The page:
Why not try to find creative forms of communication? Perhaps if your child can’t name a feeling, ask them “What colour are you feeling today? Is that colour happy or sad?” or perhaps ask them to draw how they’re feeling. The conversation or picture may not make any sense to us but we will be equipping our children with different ways to express their thoughts & feelings

  1. Be kind to yourself!

As adults, this is a hugely trying time. Add in the job of being a parent and at times, its utterly exhausting & overwhelming! Why not take the time to ask yourself,  what routine do I have to help me through this lockdown? What things help me to regulate? Who do I have that I can share my feelings with?

I would encourage you to try and have regular “me” time, even it’s just 10 minutes at the end of every day. It goes without saying that when we nurture healthy habits within ourselves, we will find that we’re in a much better place to also help our children.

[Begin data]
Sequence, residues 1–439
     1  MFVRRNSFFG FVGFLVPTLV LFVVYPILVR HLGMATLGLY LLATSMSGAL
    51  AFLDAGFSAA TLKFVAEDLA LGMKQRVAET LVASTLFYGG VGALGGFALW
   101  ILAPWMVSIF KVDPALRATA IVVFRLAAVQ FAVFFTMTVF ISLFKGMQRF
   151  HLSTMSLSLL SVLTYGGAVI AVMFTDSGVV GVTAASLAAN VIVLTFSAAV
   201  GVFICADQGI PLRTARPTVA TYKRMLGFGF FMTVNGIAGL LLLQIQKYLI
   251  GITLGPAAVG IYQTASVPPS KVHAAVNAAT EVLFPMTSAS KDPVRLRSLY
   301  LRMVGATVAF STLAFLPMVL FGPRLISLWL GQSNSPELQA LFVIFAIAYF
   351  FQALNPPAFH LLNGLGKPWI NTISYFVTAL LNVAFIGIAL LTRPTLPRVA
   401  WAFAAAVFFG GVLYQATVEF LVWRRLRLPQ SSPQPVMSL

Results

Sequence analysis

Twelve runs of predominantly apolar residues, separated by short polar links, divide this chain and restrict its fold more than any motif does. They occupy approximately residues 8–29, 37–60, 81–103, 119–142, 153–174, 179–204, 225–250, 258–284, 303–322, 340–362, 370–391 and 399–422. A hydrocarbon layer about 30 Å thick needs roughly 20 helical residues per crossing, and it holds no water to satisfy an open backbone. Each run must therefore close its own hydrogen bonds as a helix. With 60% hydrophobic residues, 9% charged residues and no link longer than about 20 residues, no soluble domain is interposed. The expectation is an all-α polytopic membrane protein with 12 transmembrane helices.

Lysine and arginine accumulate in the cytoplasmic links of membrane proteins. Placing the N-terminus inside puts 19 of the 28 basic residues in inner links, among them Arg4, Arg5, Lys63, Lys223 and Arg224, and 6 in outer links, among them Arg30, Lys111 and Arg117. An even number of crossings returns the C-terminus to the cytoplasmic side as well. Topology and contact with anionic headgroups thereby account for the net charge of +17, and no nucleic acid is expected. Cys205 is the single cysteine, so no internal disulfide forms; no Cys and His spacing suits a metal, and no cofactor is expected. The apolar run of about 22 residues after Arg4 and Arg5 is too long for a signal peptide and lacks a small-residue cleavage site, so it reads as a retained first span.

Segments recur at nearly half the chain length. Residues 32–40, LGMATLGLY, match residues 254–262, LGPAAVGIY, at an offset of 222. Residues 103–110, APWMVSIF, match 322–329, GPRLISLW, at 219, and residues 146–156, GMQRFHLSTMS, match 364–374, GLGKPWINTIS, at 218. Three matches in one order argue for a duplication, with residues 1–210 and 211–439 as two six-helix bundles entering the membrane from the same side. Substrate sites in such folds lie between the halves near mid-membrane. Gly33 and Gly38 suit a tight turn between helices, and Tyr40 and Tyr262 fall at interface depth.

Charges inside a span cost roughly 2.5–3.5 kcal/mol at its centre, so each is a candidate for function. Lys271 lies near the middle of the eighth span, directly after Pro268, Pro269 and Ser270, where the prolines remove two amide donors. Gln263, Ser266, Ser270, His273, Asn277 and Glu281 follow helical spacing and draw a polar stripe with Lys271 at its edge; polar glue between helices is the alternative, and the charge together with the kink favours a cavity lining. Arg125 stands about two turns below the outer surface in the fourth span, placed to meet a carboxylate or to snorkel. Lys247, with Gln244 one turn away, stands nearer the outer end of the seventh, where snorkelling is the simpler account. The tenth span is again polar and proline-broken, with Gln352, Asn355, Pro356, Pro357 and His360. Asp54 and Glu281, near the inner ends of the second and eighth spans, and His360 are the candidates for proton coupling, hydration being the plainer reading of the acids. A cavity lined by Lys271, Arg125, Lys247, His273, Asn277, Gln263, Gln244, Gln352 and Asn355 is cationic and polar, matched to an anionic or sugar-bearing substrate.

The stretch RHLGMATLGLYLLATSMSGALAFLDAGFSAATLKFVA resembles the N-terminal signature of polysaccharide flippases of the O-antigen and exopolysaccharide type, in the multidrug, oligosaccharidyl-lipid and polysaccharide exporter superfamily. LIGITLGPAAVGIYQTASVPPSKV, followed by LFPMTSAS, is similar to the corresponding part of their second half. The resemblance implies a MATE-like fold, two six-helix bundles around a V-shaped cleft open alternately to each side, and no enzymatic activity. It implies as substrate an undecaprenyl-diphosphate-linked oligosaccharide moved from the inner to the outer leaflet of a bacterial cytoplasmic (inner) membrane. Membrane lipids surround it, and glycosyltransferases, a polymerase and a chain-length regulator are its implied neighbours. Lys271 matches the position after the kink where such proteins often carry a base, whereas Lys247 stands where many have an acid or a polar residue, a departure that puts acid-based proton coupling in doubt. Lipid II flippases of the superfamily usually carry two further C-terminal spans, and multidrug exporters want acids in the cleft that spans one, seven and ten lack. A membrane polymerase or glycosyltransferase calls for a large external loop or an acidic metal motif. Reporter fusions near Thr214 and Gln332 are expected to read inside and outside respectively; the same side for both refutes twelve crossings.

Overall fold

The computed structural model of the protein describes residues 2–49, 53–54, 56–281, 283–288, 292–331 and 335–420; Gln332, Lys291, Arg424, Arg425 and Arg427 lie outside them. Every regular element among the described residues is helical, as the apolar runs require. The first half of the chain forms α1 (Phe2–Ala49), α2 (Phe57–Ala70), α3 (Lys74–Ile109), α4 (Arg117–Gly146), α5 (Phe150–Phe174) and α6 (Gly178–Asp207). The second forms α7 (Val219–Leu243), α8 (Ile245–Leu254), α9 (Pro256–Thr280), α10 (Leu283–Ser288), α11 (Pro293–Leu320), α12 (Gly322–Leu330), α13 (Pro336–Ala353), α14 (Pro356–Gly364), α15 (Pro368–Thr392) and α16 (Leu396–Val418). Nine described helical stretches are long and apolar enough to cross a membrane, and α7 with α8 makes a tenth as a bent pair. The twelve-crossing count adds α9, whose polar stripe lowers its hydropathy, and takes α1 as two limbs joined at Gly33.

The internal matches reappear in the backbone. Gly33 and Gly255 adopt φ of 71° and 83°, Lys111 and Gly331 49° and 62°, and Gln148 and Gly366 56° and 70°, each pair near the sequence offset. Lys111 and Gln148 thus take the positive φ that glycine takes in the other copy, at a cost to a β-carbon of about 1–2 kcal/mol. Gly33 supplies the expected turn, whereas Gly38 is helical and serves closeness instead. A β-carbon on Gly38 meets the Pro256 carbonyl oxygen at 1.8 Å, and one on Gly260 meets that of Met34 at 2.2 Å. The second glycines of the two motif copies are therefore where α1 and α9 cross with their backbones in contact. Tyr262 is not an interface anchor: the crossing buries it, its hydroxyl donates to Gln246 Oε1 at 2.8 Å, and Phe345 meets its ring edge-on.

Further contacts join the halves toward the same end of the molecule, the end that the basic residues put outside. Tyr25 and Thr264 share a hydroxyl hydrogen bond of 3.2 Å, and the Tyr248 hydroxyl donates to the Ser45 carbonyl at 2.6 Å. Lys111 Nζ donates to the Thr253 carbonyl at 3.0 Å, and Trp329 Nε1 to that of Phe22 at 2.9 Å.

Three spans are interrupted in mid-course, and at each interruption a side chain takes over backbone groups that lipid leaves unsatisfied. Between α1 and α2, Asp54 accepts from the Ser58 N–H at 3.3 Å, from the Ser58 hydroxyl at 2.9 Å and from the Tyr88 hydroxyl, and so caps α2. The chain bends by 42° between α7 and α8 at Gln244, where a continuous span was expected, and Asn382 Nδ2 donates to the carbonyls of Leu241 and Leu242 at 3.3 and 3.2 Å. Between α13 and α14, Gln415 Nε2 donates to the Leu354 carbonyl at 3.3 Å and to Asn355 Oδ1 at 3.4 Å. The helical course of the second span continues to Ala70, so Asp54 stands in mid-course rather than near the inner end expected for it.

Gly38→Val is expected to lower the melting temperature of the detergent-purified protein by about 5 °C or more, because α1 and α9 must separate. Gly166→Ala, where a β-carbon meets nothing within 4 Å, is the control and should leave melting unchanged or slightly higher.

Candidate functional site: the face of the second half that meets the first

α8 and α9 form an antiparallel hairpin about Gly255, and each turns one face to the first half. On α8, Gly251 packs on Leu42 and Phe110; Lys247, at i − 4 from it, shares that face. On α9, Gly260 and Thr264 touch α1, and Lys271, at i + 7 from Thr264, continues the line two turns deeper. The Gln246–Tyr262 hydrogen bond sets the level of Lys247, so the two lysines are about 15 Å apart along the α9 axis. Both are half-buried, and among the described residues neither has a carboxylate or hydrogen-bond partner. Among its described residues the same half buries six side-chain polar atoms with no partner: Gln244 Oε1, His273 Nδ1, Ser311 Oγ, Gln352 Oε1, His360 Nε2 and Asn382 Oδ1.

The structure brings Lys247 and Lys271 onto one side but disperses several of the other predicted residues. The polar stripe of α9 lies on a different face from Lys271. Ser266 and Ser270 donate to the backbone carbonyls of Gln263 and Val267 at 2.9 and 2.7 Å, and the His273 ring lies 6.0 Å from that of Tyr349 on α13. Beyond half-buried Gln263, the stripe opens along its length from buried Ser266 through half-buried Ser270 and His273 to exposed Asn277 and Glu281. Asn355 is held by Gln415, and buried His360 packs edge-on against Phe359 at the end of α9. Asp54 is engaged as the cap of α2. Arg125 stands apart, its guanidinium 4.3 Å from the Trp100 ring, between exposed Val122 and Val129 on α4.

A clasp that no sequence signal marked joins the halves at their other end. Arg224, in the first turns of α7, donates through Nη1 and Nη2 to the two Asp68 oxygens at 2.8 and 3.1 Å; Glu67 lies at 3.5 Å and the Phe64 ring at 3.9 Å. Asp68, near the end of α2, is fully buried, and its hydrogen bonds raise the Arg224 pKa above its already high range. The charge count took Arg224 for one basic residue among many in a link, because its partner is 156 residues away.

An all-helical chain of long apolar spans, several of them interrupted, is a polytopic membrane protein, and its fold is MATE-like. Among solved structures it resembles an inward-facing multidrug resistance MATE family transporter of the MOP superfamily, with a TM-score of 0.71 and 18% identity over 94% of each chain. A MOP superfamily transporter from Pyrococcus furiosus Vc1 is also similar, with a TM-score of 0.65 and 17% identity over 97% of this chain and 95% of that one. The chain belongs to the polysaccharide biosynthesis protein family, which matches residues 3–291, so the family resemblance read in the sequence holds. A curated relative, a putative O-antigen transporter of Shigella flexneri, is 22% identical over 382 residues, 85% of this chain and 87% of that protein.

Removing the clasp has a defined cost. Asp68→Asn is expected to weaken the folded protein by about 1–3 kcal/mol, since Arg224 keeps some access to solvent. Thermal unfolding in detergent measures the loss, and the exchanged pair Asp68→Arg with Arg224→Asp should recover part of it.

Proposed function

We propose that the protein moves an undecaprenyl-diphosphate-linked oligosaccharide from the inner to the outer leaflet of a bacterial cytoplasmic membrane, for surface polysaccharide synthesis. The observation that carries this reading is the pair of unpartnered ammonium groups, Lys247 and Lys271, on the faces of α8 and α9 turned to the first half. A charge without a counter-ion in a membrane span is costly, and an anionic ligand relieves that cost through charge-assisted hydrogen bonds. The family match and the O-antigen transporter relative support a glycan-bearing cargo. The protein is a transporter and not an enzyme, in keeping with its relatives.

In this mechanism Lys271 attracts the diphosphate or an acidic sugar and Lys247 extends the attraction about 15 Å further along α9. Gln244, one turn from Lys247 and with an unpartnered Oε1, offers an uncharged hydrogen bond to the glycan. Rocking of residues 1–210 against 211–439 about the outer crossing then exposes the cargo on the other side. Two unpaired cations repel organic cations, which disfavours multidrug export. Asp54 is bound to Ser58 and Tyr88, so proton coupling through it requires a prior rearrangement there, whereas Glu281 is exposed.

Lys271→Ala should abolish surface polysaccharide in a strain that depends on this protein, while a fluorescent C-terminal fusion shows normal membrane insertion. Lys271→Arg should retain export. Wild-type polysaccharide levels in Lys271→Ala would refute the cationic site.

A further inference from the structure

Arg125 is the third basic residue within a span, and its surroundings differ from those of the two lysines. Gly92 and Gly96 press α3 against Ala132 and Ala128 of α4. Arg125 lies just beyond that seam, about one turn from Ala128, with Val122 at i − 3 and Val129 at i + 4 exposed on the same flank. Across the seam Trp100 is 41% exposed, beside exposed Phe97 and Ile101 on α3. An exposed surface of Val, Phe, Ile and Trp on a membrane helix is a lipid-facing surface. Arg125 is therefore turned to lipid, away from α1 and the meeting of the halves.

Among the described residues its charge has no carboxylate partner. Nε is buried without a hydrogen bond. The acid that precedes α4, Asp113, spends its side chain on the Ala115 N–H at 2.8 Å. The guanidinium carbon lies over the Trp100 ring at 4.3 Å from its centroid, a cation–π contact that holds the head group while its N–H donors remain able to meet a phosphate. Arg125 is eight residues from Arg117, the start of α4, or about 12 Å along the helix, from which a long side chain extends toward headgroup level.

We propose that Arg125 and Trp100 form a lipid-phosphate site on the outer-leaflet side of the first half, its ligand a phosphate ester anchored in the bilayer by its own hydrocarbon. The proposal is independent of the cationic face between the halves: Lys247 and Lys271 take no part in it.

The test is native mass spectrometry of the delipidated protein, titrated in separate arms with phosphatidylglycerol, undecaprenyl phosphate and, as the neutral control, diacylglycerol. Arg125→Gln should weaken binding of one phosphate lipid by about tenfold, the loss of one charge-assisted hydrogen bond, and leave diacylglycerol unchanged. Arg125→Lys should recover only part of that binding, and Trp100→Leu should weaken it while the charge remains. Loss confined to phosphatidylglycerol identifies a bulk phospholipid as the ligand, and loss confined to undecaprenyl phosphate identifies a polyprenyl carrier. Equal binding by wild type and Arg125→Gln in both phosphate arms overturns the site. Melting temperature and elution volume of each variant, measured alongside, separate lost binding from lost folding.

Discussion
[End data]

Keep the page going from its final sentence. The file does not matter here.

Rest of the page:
As a family, why not try to celebrate small milestones, even if its a “we’ve survived the week” take away? We’ve definitely had a few of those! We also had the joy of baking and eating a special cake to celebrate the news that “Big Grandpa” had received his COVID vaccination.

We will get through this but there is no shame in saying that it will come with highs and many lows and we will all need help along the way, our children included.

Natalie Satur, MBACP

Integrative Counsellor & Psychotherapist

January 2021

Being at a nursery setting led by early years educators, children’s mental health is supported in so many ways during this crucial development milestone. We positively encourage strong attachments, friendships and opportunities for children to feel secure, loved and cared for in a familiar environment.